Broadly two classes of AI systems exist. First category called Artificial General Intelligence systems also called as strong AI are supposed to mimic human beings on most aspects. Few systems that fall, attempting to rather, in this class are IBM Watson, Google Assistant and Apple Siri. These systems are not just complex to develop, their usage within an enterprise as well to general public are questionable and limited at best. Obviously these systems are still in research stage and the progress has been comparatively slow. Other class of AI systems called Artificial Narrow Intelligence are supposed to solve a specific problem or useful in a specific kind of scenario. These systems are also called weak AI although an unfair nomenclature and doesn’t justify the complexity, practicality and usefulness involved.
“UK tech must continue to be underpinned by talent that is attracted to, and able to work in, the UK,” she said. “The government has repeatedly voiced support for tech in its recent industrial strategy and digital strategy. Now that Article 50 has been triggered, it is time to back up that approach with concrete details on how the sector will be able to access the talent it needs.” The report also called on the government to undertake a review of how “new technologies can be deployed to ensure frictionless migration systems, including visa applications and movement of people across borders”. It said a smart migration working group should be established to create and evolve a “data-driven, real-time smart migration system”.
While Android-based smartphones and tablets continued to be the primary targets, reflecting the prevalence of the operating system worldwide, iOS-based devices also suffered attacks in the second half of the year, primarily by Spyphone surveillance software that tracks users' calls, text messages, social media applications, web searches, GPS locations and other activities. The Threat Intelligence Report also exposed major vulnerabilities in the rapidly expanding universe of IoT devices, underscoring the need for the industry to re-evaluate its IoT deployment strategies to ensure these devices are securely configured, managed and monitored. ... “The Mirai botnet attacks last year demonstrated how thousands of unsecured IoT devices could easily be hijacked to launch crippling DDoS attacks. As the number and types of IoT devices continue to proliferate, the risks will only increase."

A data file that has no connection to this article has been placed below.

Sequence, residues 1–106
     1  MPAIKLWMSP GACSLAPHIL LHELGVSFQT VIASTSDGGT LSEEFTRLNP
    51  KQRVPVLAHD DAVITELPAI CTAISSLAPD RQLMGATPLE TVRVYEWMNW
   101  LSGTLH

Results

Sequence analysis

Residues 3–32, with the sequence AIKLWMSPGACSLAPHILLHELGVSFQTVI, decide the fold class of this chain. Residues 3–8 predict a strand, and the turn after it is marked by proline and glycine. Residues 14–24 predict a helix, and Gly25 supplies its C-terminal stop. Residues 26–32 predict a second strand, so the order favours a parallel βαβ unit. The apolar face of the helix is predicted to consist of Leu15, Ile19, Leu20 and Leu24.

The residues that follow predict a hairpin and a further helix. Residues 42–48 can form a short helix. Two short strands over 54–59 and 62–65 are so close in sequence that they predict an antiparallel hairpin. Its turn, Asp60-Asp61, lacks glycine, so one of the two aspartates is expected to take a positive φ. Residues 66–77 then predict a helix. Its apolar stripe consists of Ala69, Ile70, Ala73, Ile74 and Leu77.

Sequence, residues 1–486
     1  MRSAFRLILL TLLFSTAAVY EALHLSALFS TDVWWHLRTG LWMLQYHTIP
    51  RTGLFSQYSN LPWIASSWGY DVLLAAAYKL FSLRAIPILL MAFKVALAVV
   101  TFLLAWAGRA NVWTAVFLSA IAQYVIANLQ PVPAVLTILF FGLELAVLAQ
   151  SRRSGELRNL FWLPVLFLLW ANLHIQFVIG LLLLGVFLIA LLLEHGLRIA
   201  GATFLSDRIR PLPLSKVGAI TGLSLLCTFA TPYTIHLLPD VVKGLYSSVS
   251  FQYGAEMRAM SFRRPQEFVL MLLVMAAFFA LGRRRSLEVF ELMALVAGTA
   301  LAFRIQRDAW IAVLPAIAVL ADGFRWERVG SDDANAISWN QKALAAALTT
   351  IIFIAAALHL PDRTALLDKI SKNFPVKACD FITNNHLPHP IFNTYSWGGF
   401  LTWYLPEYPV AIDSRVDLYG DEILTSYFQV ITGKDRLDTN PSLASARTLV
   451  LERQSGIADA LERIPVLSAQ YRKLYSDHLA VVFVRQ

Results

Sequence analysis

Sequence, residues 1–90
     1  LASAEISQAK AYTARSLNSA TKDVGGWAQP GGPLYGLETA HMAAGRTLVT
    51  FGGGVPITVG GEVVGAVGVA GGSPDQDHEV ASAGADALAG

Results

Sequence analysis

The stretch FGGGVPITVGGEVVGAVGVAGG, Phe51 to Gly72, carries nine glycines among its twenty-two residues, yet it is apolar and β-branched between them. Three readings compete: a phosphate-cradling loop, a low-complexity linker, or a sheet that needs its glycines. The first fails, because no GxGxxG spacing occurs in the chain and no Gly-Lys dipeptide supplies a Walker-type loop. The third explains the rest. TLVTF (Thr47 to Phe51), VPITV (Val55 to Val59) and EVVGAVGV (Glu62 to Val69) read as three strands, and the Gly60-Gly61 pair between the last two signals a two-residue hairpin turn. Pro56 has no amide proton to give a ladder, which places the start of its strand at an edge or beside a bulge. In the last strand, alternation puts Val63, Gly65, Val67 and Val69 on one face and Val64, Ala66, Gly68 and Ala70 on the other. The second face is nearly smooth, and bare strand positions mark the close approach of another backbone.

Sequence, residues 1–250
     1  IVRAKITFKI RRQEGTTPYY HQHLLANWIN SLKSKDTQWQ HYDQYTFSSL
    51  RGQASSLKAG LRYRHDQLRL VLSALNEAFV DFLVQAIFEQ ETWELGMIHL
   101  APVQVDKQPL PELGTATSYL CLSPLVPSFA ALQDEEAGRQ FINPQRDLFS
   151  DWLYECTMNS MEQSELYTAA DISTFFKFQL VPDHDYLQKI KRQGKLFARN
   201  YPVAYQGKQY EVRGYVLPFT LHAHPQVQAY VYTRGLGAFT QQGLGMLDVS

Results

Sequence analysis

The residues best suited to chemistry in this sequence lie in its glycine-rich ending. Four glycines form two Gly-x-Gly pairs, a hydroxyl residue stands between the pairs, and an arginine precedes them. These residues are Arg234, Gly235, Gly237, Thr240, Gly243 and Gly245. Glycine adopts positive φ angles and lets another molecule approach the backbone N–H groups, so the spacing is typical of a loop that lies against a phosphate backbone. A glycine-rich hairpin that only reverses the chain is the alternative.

During the 54-hour DDoS attack on the college, researchers observed a pool of attacking devices normally associated with Mirai such as CCTV cameras, DVRs and routers. Attack traffic originated from 9,793 IPs worldwide, but 70% of the botnet traffic came from 10 countries. The U.S. topped the list by having 18.4 percent of the botnet IPs. Israel was next with 11.3 percent, followed by Taiwan with 10.8 percent. The remaining seven countries of the top 10 were India with 8.7 percent, Turkey with 6 percent, Russia with 3.8 percent, Italy and Mexico both with 3.2 percent, Colombia with 3 percent and Bulgaria with 2.2 percent of the botnet traffic. ... Incapsula said, “This–and the size of the attack itself–led us to believe that we might be dealing with a new variant, which was modified to launch more elaborate application layer attacks.”
What do an iOS developer, a social media intern, a UX designer and a big-data architect have in common? As recently as 10 years ago, their job titles were rare (or didn't exist at all). Today, these titles are a dime a dozen for young professionals. In 2008, there were zero big-data architects on LinkedIn. In 2013, there were 3,440. (It might not come as a surprise that nearly 70 percent of parents admit they don't have a clear understanding of their children's jobs). Technology's rapid evolution has led to a surge of digital tools in the workplace. In some cases, it's created entirely new industries. But it's also created a gap between generations. If companies hope to address the challenges of a multigenerational workforce, it's critical for leaders to embrace these differences as opportunities.
Quote for the day:
"The best minute I spend is the one I invest in people." -- Ken Blanchard